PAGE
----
As the 2023-24 US wheat marketing year approaches, there are concerns over a lack of moisture, which could limit yields and production of two of the three largest wheat varieties grown in the US, increasing the risk of above-average flour prices into 2024. The hard red winter and hard red spring wheat classes are facing challenges due to a severe lack of moisture, which could potentially limit yields and production in 2023.
Last fall, the winter wheat crop in the central and southern plains of the US was mostly seeded in drought. According to the US Department of Agriculture’s (USDA) national seeding scorecard released on November 14, 2022, the plains from the Canadian border to the southern tip of Texas were almost entirely in drought conditions.
Although winter dormancy was mild and mostly uneventful, as wheat awoke from winter dormancy, more acres were found to be growing in drought and crop conditions mostly worsened. This led some growers in southwestern Kansas and the panhandles of Texas and Oklahoma to consider scrapping their crops.
Related: Why the UK is Facing a Tomato Shortage in 2023
Why Droughts Impact Flour Production
Droughts can have a significant impact on flour prices and production for several reasons. Droughts can lead to lower crop yields, including those of wheat, which is a primary ingredient in flour production. When there is less wheat available due to drought, the supply of flour decreases, and as a result, the price of flour may increase.
Droughts can also affect the quality of wheat crops. When crops are stressed due to a lack of water, they may not mature properly, which can lead to lower-quality wheat. This lower-quality wheat is not as suitable for flour production, hence flour producers may have to pay more to obtain high-quality wheat, which can also lead to higher flour prices.
Additionally, droughts can affect the transportation of wheat and flour. Drought conditions can make it more difficult to transport goods by water, as water levels may be too low for ships to navigate. This can increase the cost of transportation, which can also contribute to higher flour prices.
Lastly, droughts can affect the overall demand for flour. During droughts, people may cut back on their consumption of flour-based products, such as bread, due to higher prices or shortages. This decrease in demand can put downward pressure on flour prices in the short term, but if the drought persists, the reduced supply of flour may eventually outweigh the lower demand, leading to higher prices in the long term.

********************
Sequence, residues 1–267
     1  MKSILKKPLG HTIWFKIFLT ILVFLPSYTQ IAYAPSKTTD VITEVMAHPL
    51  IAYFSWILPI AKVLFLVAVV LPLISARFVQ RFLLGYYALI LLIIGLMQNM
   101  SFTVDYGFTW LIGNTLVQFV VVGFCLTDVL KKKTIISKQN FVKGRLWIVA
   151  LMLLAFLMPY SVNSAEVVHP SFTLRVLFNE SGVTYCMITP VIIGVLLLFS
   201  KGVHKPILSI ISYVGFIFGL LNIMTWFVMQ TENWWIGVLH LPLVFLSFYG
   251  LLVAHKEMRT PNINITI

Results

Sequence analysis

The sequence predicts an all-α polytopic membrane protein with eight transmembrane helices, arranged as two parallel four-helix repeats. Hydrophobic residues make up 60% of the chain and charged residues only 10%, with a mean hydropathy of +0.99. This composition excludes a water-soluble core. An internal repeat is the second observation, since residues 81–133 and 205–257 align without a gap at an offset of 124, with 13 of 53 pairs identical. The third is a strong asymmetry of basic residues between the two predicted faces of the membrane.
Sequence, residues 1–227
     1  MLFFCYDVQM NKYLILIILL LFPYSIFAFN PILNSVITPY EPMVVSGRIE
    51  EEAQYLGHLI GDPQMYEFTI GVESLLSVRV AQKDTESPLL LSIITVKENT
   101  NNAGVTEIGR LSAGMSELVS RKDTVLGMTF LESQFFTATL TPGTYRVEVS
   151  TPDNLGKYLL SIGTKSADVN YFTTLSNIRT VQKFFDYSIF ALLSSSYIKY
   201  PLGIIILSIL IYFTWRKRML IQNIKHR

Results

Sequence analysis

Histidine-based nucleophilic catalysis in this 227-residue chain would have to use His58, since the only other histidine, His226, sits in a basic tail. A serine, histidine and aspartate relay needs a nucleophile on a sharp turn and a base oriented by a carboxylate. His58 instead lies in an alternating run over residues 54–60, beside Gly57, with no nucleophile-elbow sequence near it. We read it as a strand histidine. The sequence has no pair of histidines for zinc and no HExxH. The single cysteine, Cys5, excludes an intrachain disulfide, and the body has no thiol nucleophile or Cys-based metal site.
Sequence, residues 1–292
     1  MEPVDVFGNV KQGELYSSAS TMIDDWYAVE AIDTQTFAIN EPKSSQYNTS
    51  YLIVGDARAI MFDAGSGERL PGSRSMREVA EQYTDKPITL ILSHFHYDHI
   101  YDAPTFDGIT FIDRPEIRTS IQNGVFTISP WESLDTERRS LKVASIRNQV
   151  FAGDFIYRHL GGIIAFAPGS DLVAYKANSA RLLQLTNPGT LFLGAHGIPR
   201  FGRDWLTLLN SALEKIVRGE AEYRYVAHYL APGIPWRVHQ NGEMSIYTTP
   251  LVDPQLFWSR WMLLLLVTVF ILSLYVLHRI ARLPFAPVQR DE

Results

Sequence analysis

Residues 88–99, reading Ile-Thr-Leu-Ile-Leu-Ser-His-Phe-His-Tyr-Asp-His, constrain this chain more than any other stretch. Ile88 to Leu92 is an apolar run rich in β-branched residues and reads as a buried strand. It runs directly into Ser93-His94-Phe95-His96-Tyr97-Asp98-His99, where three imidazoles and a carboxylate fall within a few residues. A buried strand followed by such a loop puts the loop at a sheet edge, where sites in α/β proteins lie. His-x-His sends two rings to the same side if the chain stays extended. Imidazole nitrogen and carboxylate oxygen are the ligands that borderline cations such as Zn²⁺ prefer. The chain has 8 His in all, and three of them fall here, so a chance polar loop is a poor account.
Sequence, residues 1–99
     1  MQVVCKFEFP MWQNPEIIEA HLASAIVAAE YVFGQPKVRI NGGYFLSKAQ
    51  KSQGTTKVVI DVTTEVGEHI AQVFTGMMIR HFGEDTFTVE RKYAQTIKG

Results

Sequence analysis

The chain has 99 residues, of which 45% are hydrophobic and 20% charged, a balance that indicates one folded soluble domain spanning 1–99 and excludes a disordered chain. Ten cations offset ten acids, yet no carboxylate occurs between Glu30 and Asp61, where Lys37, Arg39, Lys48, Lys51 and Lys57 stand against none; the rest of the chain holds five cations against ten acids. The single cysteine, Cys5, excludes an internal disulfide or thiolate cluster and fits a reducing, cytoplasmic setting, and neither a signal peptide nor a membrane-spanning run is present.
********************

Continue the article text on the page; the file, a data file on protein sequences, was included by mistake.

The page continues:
Rising Flour Prices
The drought conditions have put a lot of attention on crop abandonment rates, as many acres are not being harvested. Crop insurance adjusters are overwhelmed with calls and putting the decision back on the farmers of whether or not they will take insurance on those fields, zero it out or not take it to harvest.
The USDA’s measurement of winter wheat in drought has improved week by week in early 2023, primarily due to the soft wheat growing in the central states of Missouri, Illinois, Indiana and Ohio. By April 11, nearly all major soft red winter wheat areas were drought-free, with Eastern Michigan being the only area to remain in drought conditions.
However, in the west, the April 11 Drought Monitor map shows the most intense rating of exceptional drought, with 95 percent of the winter wheat area in drought in Kansas, 71 percent in Texas, 88 percent in Colorado and 80 percent in Oklahoma. As a result, the shortage of moisture could result in elevated flour prices into 2024, which is a concern for many within the industry.
There have been several notable spikes in flour prices over the past 20 years. For example, in 2007, flour prices increased by more than 50 percent due to a combination of droughts in wheat-growing regions and rising demand for wheat-based products. In 2012, a severe drought in the Midwest caused the price of wheat to soar, which in turn led to higher prices of flour and other wheat-based products.
In general, the price of flour has steadily increased over the past two decades. According to data from the Bureau of Labor Statistics, the average price of flour in the US in 2003 was around $0.22 per pound. By 2020, that average price had increased to approximately $0.42 per pound. Now, the price of flour sits at around $0.55 per pound.
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